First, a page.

The Impact of Hearing Loss on Social Engagement, Loneliness, and Depression
When Felicity, 70, of South Australia, was diagnosed with hearing loss in her 20s, it impacted much of her life. “I lived alone and couldn't use a phone or watch TV [it was before captions became law in Australia], and it wasn't unusual for me to go home from work on Friday and not even speak until I went to work on Monday,” she told HearingTracker. She remembers, “I always felt isolated and alone. In crowds, I felt invisible in full sight. I lost touch with my children, who lived overseas and interstate. Depression was my companion, and I contemplated suicide because of the loneliness.”
Loneliness is such a problem that former UK Prime Minister Teresa May appointed a Minister for Loneliness to address the issue and Mark Robinson, former chief officer of Age UK, said that loneliness has been proven to be worse for health than smoking 15 cigarettes a day.
Unfortunately, stories of hearing loss and social isolation, like Felicity’s, are all too common. Take Kirsty, 30, of Leicester in the UK, who has bilateral hearing loss and finds herself isolated in social situations: “I tend to sit by myself and not talk to others because I know I'm not going to hear them,” she explains.
HearingTracker spoke to Michael Harvey, PhD, a private practice psychologist in Massachusetts who specializes in hearing loss and tinnitus, to gain more insight into the psychological and social aspects of hearing loss.
The relationship between social isolation, loneliness, and depression
Though closely related, there is a difference between being “socially isolated” and “lonely.” Social isolation is a lack of social connections, whereas loneliness is defined as a distressing feeling that accompanies the perception that one’s social needs are not being met by the quantity or the quality of one’s social relationships.
Michael Harvey, PhD, ABPP, is a clinical psychologist who specializes in tinnitus and hearing loss. He has authored many articles, keynote presentations, and papers on the subject, as well as three books: 'Listen with the Heart: Relationships and Hearing Loss', 'The Odyssey of Hearing Loss', and 'Psychotherapy with Deaf and Hard of Hearing Persons'.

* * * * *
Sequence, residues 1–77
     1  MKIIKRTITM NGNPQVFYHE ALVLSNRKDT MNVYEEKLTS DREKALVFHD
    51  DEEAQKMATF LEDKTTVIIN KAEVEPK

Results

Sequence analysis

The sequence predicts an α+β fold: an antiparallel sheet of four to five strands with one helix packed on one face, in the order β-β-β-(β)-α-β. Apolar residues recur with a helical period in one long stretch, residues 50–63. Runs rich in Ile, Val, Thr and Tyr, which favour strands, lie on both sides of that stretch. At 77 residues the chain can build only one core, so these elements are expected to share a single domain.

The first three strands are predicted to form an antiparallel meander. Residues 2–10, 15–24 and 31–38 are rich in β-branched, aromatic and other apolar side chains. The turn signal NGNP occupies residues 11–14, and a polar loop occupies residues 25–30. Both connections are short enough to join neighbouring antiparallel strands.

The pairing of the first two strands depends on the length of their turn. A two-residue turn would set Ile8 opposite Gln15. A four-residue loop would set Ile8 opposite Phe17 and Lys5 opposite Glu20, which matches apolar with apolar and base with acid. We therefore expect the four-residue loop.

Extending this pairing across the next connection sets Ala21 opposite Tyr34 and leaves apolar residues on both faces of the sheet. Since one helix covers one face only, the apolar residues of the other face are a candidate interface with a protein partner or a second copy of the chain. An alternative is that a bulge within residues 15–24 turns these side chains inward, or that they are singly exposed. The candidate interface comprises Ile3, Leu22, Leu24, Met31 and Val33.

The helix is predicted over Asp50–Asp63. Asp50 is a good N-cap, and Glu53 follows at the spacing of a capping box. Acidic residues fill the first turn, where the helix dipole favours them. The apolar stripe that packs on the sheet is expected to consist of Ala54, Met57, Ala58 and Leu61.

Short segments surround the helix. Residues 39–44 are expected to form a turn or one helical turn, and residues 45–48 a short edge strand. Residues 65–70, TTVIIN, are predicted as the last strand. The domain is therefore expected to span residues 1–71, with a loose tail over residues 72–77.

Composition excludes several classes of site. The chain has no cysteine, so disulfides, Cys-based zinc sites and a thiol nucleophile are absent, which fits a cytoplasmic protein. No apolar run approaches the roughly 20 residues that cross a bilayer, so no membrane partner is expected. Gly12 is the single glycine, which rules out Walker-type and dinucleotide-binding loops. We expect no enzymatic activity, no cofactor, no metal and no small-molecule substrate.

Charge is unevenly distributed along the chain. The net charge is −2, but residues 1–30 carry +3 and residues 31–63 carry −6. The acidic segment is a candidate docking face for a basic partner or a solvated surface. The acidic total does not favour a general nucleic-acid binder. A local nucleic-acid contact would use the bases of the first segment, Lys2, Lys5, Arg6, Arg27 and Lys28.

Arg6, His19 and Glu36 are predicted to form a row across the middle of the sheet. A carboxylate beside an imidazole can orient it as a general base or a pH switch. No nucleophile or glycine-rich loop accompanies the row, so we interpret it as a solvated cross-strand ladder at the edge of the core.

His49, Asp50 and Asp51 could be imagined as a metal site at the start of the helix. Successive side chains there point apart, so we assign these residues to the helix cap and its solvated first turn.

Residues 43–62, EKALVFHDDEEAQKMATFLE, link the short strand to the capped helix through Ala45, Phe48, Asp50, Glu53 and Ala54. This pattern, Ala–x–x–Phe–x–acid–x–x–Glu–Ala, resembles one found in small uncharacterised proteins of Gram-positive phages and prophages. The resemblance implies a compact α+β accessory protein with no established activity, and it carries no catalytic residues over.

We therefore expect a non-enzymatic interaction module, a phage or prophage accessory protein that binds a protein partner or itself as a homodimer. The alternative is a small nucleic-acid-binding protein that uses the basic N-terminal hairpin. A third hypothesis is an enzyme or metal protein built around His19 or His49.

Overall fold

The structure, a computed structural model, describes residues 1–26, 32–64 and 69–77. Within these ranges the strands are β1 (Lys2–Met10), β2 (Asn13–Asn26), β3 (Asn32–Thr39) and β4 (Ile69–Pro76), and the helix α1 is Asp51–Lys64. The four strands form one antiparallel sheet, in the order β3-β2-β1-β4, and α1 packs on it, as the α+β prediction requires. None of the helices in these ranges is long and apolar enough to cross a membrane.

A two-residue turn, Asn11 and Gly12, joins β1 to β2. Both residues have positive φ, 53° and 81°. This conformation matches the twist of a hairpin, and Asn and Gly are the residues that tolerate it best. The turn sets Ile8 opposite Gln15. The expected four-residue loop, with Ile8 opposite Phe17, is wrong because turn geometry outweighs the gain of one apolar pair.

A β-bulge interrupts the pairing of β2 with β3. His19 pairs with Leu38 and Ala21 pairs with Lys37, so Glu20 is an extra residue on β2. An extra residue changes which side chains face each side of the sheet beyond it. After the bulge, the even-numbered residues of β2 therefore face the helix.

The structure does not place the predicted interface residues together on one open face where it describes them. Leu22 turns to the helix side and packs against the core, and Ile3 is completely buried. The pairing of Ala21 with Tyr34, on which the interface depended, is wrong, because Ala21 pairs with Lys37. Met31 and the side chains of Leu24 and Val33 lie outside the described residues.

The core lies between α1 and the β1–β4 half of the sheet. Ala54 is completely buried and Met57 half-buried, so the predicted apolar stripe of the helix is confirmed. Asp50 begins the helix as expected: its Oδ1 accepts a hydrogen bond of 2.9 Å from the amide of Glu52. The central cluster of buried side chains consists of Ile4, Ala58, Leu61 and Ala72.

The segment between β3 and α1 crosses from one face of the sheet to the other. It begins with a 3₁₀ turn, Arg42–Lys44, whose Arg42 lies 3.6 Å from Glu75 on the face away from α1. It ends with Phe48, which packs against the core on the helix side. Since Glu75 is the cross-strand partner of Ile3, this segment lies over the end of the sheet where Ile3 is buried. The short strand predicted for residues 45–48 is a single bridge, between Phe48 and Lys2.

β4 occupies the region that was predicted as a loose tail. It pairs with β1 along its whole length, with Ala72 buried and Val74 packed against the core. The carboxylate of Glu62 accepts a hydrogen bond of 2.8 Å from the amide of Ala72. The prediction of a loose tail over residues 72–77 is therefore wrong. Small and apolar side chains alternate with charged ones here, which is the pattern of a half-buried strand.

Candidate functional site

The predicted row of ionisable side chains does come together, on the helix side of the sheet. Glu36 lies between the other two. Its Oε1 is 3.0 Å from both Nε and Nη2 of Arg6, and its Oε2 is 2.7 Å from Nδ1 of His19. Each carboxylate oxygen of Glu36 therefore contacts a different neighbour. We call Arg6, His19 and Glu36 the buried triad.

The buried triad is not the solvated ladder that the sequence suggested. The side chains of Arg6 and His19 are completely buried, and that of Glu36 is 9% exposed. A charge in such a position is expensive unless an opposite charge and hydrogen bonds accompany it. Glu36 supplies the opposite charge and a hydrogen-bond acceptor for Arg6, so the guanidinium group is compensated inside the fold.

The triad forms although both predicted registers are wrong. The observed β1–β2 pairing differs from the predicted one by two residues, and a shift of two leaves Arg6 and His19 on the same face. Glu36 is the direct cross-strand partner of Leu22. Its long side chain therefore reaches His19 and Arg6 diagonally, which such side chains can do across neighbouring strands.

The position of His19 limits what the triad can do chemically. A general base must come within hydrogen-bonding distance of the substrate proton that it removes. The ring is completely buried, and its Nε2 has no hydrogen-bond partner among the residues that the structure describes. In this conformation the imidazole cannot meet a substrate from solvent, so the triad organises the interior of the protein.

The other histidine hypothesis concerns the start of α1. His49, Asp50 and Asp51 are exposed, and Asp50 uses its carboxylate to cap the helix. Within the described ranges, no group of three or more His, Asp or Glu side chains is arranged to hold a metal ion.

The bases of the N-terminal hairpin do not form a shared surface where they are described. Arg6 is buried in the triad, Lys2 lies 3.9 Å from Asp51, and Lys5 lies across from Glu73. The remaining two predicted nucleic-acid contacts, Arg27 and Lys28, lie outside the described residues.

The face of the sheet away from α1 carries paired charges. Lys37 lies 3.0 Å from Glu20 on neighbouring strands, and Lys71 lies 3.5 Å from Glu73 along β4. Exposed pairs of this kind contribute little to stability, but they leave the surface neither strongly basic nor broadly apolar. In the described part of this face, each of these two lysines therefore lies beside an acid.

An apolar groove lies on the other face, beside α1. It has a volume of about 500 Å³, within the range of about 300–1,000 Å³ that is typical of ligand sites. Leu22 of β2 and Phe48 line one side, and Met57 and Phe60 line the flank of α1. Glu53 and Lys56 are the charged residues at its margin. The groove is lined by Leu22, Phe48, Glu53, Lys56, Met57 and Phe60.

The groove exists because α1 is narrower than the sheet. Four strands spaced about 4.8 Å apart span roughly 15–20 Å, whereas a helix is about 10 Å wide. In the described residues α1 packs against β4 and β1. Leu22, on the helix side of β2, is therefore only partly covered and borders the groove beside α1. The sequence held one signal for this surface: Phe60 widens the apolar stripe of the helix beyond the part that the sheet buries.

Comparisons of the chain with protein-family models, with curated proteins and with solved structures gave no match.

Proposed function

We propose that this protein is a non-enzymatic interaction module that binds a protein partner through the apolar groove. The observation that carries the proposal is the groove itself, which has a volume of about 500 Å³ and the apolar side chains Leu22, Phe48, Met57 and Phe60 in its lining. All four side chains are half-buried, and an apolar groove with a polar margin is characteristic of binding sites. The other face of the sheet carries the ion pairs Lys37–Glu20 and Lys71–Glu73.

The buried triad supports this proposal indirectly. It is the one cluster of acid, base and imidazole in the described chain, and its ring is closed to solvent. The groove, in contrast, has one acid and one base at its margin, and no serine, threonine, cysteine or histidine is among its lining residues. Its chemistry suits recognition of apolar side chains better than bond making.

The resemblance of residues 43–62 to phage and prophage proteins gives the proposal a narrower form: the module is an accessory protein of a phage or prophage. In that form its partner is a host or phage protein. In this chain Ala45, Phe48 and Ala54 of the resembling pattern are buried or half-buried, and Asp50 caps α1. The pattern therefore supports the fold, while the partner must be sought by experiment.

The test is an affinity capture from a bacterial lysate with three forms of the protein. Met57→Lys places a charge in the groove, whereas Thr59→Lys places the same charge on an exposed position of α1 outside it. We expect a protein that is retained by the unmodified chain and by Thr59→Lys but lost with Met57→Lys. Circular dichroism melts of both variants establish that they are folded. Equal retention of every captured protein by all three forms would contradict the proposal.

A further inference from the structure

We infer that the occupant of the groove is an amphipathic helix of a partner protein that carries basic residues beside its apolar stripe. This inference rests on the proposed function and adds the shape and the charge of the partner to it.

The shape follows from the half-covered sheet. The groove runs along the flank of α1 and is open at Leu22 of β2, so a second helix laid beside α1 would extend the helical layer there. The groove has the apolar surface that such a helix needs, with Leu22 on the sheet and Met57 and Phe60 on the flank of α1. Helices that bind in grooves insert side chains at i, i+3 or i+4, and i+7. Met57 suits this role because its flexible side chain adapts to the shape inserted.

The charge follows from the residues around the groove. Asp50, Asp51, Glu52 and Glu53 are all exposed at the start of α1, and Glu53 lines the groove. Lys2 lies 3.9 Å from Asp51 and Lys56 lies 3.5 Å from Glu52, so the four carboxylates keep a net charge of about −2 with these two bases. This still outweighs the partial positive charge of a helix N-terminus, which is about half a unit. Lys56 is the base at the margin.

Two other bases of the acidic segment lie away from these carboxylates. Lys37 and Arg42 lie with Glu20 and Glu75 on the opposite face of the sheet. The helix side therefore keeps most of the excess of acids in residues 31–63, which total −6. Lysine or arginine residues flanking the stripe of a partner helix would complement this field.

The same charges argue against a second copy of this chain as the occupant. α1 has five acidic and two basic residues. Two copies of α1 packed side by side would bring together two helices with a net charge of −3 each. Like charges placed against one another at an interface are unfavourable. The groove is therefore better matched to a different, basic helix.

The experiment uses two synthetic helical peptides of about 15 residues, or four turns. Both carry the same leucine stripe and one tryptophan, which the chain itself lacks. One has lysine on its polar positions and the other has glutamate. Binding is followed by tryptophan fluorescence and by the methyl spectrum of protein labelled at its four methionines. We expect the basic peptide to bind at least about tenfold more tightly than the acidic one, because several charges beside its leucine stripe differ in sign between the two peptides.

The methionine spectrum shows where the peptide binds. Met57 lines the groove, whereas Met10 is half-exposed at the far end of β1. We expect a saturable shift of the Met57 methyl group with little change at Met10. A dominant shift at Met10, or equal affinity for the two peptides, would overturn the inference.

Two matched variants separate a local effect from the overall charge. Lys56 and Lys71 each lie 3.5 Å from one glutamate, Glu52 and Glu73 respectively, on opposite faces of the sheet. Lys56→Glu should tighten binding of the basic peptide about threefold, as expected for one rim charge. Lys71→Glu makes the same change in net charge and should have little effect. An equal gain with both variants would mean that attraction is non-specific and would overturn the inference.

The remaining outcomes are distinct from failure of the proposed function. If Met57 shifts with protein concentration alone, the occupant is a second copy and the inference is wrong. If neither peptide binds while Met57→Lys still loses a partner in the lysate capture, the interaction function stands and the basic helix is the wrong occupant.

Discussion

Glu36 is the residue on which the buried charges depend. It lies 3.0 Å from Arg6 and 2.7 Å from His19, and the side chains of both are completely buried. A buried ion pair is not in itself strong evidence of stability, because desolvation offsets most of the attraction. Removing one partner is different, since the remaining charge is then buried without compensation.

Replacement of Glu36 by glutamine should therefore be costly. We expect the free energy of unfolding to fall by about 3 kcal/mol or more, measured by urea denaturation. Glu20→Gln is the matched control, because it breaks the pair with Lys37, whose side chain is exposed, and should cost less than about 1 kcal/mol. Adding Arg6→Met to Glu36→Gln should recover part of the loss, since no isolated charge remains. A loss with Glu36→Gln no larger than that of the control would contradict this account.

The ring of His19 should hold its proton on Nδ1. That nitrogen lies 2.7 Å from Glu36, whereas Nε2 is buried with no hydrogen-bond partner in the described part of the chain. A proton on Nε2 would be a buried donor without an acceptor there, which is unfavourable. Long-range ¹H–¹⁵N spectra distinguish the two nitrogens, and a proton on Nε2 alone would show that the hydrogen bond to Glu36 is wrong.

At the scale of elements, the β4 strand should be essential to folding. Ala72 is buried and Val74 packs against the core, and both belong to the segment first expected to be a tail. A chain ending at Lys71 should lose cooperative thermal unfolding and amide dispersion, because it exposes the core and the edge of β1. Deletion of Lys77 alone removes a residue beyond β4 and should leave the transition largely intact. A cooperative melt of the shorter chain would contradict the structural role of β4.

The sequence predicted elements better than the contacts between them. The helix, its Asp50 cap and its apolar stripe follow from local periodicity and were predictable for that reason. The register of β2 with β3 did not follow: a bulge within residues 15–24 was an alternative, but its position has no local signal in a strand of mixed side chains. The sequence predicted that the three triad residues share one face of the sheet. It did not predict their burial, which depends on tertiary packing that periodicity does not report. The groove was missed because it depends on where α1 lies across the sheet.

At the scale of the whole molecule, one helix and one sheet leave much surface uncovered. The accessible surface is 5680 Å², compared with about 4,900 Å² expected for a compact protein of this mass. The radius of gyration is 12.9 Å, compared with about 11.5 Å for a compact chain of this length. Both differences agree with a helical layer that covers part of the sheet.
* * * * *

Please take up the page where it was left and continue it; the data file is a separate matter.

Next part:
If our capacity to socialize is impaired, we may become socially isolated, and our identity becomes impacted. “When someone is isolated for a long period of time, their sense of self disappears,” explains Harvey.
Of course, many of us value our isolation for a finite period. However, for the majority, after a prolonged period of not having any socialization, people may begin to experience feelings of loneliness which, in turn, can increase the risk of depression.
Some common symptoms of depression include trouble concentrating, remembering details and making decisions, as well as fatigue, sleep disturbances, irritability, pessimism, loss of interest in things once pleasurable, feelings of guilt, worthlessness, helplessness, and digestive problems. “Many people describe it as a feeling of deadness; a feeling of numbness,” Harvey adds.
Research about hearing loss and its affect on emotional health
A 2022 study found that untreated hearing loss significantly increases the odds of being emotionally lonely. Depression was a common factor that contributed to loneliness, social isolation, and poor social support.
Withdrawal from social interaction can often be a byproduct of hearing loss, as communication becomes difficult and misunderstandings and conversational faux pas more frequent. Helen Keller famously said "Blindness cuts us off from things, but deafness cuts us off from people."
A 2020 scientific literature review also found that hearing loss is associated with a higher risk of loneliness and social isolation. This finding has important implications for the cognitive and psychosocial health of older adults.
To estimate the prevalence of and risk factors for depression among adults (18 and older) with hearing loss, a 2005-2010 National Health and Nutrition Examination Survey (NHANES) found that 11.4% of US adults with self-reported hearing loss had moderate to severe depression, and an additional 19.1% had mild depressive symptoms, particularly among older women.
Furthermore, a Dutch study showed that every decibel drop in hearing for people under age 70 increases the odds of becoming severely lonely by 7%. The effect is similar in magnitude to that of obesity and smoking.
How can hearing loss lead to social isolation?
When asked about the connection between hearing loss and social isolation, Harvey recalls early sessions with a former patient: “I once treated a guy who had been hearing all his life, and lost his hearing at age 40, then became very depressed. And the only thing he wanted to talk to me about during the first few visits was how he felt being stuck in traffic.”
But what does being stuck in traffic have to do with hearing loss and isolation? “The answer is, no matter how hard he tried to get out of the traffic jam, he couldn't. No matter how hard he tried to understand people when in a group, he couldn't. He was stuck, helpless.” Such communication difficulties can lead to social isolation for a variety of reasons, including the following: